Can You Die from Opiate Withdrawal?
If you’ve ever had to cope with the symptoms of opiate withdrawal then you already know how difficult it can be. Many people who decide to quit using opiates wonder if their decision could in fact be fatal. It’s actually very common for a user to ask, “Can you die from opiate withdrawal?”
Only a doctor can truly tell you whether your case of opiate withdrawal is medically safe or not. Although death from opiate withdrawal is not a common denominator, there are risks involved and there is a potential for the withdrawal symptoms to spike to a dangerous level in which the user could be at serious risk.
The safest way to overcome opiate withdrawal is to talk with a treatment professional about the circumstances surrounding your addiction and to undergo medical detox. This will ensure that you are monitored around-the-clock and that if any medical situations arise in which there may be a danger to you during the withdrawal process that you will receive appropriate care.
Risks of Withdrawal
There are many potential risks of opiate withdrawal which can lead to medical complications and although these risks do not typically lead to death, it is advisable to seek professional treatment before attempting to detox. Some of the risks that are heightened with opiate withdrawal include:
- Spike in blood pressure
- Spike in temperature
- Rapid heart beat
- Anxiety and paranoia
- Pain that can lead to adverse reactions
Risk of Death?
While you may feel terrible when you go through opiate withdrawal and you may think that you are going to die, most often there is not even a small risk of death occurring. In the majority of opiate addiction cases in which the user decides to quit and tries to deal with “cold turkey” withdrawal symptoms, the biggest risk involved is relapse. Unfortunately, relapse can KILL.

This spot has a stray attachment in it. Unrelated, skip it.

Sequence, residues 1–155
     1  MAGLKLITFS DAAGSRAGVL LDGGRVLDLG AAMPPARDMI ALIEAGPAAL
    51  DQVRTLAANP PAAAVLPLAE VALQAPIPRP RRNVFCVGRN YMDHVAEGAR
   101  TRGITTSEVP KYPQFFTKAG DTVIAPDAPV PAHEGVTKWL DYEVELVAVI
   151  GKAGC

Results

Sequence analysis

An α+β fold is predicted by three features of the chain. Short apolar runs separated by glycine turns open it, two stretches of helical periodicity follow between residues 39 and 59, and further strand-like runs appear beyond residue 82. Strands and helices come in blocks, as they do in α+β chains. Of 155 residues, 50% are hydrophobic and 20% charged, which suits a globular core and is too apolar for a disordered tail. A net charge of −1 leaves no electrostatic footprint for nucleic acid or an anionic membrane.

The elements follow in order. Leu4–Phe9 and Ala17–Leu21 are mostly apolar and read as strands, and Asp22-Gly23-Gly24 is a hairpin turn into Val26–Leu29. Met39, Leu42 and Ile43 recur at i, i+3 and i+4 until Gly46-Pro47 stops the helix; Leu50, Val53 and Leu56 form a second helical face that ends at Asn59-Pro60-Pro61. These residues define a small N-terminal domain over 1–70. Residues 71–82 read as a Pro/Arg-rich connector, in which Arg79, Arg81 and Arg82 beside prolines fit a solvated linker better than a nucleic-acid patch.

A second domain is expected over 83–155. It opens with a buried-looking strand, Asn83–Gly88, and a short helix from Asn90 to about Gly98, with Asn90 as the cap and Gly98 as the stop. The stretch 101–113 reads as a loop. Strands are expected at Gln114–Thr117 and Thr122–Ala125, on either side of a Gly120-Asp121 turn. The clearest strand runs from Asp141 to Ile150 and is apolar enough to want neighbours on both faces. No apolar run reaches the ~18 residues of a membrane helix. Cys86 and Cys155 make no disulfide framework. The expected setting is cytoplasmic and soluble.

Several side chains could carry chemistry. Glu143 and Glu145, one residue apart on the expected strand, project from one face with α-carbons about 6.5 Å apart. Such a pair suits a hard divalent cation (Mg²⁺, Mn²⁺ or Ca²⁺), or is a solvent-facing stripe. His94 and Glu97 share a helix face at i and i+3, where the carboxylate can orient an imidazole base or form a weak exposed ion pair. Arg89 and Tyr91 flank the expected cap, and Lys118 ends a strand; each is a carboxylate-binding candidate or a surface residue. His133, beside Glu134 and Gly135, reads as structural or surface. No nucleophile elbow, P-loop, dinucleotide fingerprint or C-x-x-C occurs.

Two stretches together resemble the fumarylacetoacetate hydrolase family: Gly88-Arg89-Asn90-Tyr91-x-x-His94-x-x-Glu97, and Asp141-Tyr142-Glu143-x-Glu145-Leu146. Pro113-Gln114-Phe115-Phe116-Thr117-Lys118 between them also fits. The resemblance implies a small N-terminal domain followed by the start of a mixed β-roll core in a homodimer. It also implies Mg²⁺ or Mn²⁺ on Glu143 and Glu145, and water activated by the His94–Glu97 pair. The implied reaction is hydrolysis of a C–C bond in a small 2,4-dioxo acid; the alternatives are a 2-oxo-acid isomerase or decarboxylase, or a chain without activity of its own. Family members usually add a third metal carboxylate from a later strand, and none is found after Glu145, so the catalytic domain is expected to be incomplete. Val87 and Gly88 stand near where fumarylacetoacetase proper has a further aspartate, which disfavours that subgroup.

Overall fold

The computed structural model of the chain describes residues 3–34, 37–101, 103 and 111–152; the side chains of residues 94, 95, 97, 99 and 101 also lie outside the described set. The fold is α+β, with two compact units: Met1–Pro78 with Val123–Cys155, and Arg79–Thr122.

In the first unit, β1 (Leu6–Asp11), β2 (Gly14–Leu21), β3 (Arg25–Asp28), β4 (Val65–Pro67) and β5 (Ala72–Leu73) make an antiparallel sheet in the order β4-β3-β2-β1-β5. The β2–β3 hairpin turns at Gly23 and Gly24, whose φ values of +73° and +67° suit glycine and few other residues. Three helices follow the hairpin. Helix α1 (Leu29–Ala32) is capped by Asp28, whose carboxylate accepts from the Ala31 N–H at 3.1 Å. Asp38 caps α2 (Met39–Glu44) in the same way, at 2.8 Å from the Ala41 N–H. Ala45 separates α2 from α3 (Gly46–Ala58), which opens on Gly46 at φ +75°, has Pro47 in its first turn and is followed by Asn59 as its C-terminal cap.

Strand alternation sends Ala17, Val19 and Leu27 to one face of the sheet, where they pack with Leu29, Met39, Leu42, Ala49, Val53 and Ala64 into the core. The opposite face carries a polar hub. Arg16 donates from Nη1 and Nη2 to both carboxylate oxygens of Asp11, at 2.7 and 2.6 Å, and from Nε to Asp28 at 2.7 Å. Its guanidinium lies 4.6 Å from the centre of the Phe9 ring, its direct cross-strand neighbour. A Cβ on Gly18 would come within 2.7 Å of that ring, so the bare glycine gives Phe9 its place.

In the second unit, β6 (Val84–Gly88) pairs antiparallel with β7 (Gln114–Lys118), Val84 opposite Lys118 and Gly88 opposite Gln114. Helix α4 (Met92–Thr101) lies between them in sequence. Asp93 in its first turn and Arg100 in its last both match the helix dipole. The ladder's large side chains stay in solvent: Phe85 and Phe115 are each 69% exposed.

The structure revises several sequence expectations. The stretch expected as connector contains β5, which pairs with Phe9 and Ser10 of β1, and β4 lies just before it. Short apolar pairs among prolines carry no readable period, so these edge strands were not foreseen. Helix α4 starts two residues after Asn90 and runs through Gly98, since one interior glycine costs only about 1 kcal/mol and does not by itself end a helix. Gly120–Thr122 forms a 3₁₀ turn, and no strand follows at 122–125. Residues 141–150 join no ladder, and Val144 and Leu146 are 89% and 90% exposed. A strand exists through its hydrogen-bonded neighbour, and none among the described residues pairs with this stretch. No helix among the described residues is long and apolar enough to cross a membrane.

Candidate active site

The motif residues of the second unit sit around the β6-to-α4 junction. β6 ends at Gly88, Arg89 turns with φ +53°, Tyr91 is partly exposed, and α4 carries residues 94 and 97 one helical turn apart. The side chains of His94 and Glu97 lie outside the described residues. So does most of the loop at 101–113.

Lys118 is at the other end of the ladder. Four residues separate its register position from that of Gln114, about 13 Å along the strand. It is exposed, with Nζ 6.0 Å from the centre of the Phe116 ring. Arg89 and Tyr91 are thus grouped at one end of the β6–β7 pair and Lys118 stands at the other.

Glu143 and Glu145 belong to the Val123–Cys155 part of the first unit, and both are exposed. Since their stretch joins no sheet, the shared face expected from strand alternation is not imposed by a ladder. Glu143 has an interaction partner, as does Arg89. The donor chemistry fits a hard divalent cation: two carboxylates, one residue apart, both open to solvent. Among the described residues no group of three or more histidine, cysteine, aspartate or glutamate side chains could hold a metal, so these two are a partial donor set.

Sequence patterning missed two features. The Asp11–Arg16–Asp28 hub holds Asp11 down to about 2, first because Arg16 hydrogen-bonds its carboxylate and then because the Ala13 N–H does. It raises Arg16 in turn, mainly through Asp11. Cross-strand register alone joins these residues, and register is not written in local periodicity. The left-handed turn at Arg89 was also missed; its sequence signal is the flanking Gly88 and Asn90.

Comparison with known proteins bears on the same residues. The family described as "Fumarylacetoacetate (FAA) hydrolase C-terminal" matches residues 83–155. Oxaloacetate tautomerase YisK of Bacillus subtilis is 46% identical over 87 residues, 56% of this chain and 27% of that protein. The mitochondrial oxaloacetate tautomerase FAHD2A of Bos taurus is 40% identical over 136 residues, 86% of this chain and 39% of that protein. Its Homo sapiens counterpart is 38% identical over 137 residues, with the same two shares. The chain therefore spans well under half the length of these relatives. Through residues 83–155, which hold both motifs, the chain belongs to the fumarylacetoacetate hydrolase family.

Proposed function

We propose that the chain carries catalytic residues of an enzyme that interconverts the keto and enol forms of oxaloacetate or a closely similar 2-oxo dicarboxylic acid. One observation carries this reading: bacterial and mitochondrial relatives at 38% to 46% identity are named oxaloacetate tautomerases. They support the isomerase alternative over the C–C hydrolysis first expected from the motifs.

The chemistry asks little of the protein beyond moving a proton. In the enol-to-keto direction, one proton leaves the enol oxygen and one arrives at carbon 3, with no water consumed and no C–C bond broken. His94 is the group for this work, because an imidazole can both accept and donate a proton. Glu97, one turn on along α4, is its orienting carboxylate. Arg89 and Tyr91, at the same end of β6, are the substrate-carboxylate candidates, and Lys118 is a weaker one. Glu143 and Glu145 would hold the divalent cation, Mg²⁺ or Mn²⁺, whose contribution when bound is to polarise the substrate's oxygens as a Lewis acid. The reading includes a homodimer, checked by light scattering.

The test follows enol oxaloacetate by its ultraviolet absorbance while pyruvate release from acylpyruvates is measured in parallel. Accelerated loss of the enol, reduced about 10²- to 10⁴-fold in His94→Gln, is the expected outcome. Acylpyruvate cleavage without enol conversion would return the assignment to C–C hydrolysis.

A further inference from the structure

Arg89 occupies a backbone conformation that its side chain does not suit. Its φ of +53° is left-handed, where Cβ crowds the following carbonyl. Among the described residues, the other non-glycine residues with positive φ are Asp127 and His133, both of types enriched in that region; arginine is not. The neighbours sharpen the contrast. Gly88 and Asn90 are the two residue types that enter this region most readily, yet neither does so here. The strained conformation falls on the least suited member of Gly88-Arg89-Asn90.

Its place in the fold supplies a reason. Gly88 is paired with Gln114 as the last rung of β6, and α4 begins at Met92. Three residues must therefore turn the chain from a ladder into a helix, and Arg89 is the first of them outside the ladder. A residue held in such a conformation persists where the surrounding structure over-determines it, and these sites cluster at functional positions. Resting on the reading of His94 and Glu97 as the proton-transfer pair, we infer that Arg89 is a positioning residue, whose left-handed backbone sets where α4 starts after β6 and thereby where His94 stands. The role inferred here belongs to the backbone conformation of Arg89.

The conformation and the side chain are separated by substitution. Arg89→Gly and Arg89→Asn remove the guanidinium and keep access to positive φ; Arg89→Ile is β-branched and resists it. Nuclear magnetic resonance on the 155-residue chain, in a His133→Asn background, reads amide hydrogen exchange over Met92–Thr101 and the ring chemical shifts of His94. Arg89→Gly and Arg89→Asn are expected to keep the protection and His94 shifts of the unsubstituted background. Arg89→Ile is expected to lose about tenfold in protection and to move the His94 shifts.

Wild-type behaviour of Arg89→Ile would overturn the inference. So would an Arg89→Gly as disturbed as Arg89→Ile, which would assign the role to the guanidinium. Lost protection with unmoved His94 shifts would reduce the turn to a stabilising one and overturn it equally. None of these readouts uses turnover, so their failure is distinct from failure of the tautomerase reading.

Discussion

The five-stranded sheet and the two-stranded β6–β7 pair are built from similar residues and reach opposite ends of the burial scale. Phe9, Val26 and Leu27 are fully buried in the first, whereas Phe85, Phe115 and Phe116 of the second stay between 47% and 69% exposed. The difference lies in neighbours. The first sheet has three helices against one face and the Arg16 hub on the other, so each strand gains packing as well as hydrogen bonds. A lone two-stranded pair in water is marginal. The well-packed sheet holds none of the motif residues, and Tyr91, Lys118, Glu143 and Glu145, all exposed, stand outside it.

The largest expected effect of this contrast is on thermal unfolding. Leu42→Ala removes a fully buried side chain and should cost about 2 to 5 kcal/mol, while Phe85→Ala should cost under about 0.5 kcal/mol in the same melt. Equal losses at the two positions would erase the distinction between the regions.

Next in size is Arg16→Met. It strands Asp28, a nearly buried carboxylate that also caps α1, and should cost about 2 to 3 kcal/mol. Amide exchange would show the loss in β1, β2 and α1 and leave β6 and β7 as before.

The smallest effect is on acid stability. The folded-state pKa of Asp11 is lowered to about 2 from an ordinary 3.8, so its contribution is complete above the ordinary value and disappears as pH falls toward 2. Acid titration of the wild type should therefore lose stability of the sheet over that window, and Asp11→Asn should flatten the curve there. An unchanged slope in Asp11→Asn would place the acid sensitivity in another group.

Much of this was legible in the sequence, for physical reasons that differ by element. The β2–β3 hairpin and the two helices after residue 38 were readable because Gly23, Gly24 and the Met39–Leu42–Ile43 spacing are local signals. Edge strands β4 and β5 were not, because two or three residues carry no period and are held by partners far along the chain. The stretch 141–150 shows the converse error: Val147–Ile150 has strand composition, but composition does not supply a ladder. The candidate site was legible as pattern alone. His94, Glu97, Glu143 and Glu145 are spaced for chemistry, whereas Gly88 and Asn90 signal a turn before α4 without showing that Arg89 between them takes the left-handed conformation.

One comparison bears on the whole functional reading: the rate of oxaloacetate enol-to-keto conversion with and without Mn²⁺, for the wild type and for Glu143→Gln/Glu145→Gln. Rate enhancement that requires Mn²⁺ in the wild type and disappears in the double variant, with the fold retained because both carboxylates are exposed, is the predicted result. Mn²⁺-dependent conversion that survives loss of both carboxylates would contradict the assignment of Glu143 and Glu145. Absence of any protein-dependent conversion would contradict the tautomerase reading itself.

People who abuse opiates for a continued period of time and then try to quit will feel a number of withdrawal symptoms that can be difficult to cope with but usually not deadly! If these symptoms cause the user to resort back to his or her lifestyle of abusing opiates, there is an increased risk of overdose which can cause death.
Don’t Attempt Detox Alone
Most importantly, to remain safe, don’t try to detox alone! Getting off opiates is difficult and the withdrawal symptoms, though usually not a real danger to the user, can make it difficult to remain abstinent from drug abuse unless you have the right medical care, professional support and guidance. Under the right setting, even if the withdrawal symptoms do become serious or pose a health risk, you can get immediate treatment. Notice from the list above that many of the dangerous symptoms of opiate withdrawal are not easily seen such as high blood pressure or rapid heart beat. Should either of these symptoms occur (which could lead to heart attack) only a doctor would be able to recognize them by monitoring your vitals. This is why it is so important to seek professional treatment when you decide to quit.